We started this series of blogs at the top and we're working our way down to the bottom, literally, that thing you sit on.
I don't like to teach from an overly anatomical view, too much detail to think about in day to day living. I'm much more interested in the way we think and react, rather than what we think about, but this is something really useful for you to consider.
Look at how the bottom of the spine joins with the pelvis. What changes to that relationship when the weight bearing changes from going through your hips, and ultimately to the ground via your feet, to going through your sit bones into your chair? Not much! You'll notice that both the hip joints and the sit bones (also colloquially known as butt bones!) are below the sacral-iliac joint, that is, where the base of the spine, the sacrum, fuses with the pelvis.
As far as your spine is concerned sitting and standing is pretty much the same thing, so why do you sit so differently to the way you stand? One reason is that you may simply not be aware that your sit bones are there to be sat on, or "stood" on as I like to say. It's common to see people using their coccyx, or tail-bone, to be the point of contact with the chair which causes the pelvis to tip backwards and rounding the lower back, hence the lower back pain many eventually suffer from sitting in this way.
The surface that you sit on is also a huge contributing factor in how you sit, but as long as it is flat and firm it will do. My motto is "if you can stand on it, you can sit on it". Ignoring that most office chairs swivel, it is the support that the surface provides I'm interested in here, so I don't want you to have an accident at work now!
This is why sofas are so hard to sit on well. Try standing on your sofa and you'll soon find how hard it is to feel balanced. With your sit bones as your "feet" it is no wonder that sitting on a sofa is hard to do well, and you give up by collapsing into it. I'm going to leave out discussing ergonomic chairs for now as that will be the topic of my next blog.
Another reason is that the act of sitting is incorrectly associated with relaxing. Sure, it's more relaxing for the legs and hips, but as far as your torso/spine is concerned, sitting is as equally dynamic as standing. Even the word "relax" seems to be misunderstood, I'm often heard saying during lessons "that's not relaxing, that's collapsing!" It is perfectly possible to relax into a balanced posture, whether sitting or standing, so that our bones support our weight. Yes, the postural muscles will still be working, but think of them as having tone rather than tension. It is when poise and balance is lost in collapse that movement muscles as well as the deeper postural muscles become over-worked trying to support the collapse that tension arises; that's not relaxing at all!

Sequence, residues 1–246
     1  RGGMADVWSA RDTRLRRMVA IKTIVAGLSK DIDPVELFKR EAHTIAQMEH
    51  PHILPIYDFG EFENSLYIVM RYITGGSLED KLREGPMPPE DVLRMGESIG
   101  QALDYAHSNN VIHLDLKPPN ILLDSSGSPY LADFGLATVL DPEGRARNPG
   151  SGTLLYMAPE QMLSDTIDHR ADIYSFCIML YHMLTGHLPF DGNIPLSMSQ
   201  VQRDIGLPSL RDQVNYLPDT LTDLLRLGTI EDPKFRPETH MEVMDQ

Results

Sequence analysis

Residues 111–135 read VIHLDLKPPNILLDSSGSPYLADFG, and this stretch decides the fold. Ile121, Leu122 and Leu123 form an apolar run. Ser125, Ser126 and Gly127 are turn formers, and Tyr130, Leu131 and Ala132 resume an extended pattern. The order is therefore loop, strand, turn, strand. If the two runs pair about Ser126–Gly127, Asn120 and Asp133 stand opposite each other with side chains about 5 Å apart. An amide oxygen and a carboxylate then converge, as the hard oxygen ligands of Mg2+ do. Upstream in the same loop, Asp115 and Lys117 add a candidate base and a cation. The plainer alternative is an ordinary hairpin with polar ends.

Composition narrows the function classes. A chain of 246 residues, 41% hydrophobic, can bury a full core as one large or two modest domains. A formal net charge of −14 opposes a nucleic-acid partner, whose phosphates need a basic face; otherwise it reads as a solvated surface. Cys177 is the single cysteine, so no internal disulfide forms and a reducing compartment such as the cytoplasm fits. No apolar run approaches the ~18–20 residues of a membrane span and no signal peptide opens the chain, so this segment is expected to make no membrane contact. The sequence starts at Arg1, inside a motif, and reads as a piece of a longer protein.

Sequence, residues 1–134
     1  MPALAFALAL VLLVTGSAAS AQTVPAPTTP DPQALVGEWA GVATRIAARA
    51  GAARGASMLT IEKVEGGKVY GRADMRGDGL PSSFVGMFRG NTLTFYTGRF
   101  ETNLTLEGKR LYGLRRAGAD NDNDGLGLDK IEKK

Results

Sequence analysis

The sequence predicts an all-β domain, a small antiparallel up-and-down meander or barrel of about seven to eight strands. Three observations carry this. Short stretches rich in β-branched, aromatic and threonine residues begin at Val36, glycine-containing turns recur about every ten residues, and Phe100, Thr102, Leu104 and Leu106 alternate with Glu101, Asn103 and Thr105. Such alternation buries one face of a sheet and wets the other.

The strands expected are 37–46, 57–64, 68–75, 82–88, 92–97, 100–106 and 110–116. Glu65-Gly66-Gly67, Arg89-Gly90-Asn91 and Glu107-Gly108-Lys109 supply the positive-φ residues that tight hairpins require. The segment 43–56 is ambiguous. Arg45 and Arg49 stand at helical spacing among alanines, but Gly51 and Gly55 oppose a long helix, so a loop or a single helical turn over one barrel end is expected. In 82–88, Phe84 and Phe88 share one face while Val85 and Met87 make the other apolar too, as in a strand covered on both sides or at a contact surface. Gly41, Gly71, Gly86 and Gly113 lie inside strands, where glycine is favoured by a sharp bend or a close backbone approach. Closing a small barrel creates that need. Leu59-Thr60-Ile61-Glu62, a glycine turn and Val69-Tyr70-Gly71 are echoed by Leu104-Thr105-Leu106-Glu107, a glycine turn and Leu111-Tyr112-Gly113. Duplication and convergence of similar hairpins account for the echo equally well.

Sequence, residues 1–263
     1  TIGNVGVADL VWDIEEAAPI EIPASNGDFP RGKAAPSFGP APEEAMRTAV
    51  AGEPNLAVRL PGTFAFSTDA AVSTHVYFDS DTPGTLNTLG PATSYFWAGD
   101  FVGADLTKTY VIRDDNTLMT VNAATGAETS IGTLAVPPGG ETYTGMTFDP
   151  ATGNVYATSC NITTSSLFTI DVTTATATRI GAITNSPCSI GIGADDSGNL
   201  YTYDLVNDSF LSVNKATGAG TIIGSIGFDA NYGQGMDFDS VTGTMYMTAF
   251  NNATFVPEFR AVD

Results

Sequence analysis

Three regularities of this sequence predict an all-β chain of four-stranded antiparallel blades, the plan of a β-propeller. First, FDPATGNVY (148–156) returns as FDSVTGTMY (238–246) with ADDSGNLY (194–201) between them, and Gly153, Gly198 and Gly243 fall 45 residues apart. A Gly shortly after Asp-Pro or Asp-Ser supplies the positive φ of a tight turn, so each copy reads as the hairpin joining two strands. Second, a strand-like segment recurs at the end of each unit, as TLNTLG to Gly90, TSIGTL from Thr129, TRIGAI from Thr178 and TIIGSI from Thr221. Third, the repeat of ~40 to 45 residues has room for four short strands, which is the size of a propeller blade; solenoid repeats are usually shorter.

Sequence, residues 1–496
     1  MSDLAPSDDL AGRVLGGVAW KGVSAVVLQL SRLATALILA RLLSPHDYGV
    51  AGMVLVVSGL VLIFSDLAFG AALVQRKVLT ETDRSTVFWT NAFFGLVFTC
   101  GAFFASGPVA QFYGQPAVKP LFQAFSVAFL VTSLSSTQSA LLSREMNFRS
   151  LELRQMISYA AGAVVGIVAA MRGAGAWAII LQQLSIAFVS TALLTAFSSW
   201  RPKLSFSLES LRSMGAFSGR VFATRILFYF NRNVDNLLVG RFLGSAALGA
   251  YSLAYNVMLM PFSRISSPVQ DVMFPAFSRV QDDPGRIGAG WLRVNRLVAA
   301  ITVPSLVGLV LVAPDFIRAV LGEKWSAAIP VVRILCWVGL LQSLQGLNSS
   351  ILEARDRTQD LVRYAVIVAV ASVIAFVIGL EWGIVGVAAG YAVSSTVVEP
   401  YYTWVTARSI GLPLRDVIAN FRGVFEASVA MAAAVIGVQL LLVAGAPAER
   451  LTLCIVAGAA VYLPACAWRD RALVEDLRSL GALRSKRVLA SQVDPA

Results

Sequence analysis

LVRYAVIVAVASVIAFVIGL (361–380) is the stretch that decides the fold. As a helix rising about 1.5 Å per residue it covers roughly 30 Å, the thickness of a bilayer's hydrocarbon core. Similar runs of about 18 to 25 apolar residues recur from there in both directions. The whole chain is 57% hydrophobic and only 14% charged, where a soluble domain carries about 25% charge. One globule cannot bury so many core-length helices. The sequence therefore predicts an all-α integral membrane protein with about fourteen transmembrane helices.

Sitting or Reclining?
If your office chair tilts backwards allowing you to come to rest against the back support I prefer to differentiate that from sitting and refer to it as reclining. Reclining is perfectly valid, and probably desirable given the length of a working day at a computer, it provides an opportunity to rest. But if you can't sit in a well supported manner your reclining will be equally collapsed. The mistake most people make is to roll the pelvis backwards in a way that rounds the lower back. To recline well you need to start with good sitting form, i.e. standing on your bottom, then hinge your entire spine and pelvis backwards from the hip joints, keeping the integrity and length of your spine, and maintaining contact with the chair through the sit-bones. You could think of this as elegant repose in order to do it well.
Keeping the integrity of the torso, even in reclining, is important for your arms. Don't make the mistake of thinking your arms are simply attached to your shoulders, that may be true as far as the skeleton is concerned, but your arm muscles overlap and are embedded deep into your torso, all the way down your back to the top of your pelvis. So if you lose the integrity of your torso you will lose the support from the roots of your arms, and without that the use of your hands is compromised potentially contributing to RSI and Carpal Tunnel Syndrome.
As with many aspects of the Alexander Technique, there is also the way you think to consider. Like the association of relaxing being inert, the very phrase, sitting "down", encourages the thought that that is where you are wanting to go in your entirety. What you don't want to do is remedy that by doing the opposite, by "sitting up straight" as we were all no doubt told to do as children, as that encourages effort, and effort will lead to tension. That's why it is so tiring to "sit up straight" as it is commonly understood. Instead, just remain lightly standing, but on your bottom, being bright, alert, active and engaged. If you start to feel tired it's fine to use the back rest (still thinking of elegant repose!) and take time out for a few minutes, just don't use your computer like this. Better still, get up and walk around and get your blood pumping again.
Now that we've worked our way down, now would be a good time to go back and review how the head balances at the top, as the two work together to help you remain poised and at ease when sitting and standing.
In my next blog I'll be discussing the short falls of ergonomic chairs ...
P.S. Here's a thought, if sitting is standing on your sit bones, how does it change your experience to consider standing as sitting on your stand bones?
Come and find out if the Alexander Technique is the solution you were looking for. You've got nothing to lose but your pain!
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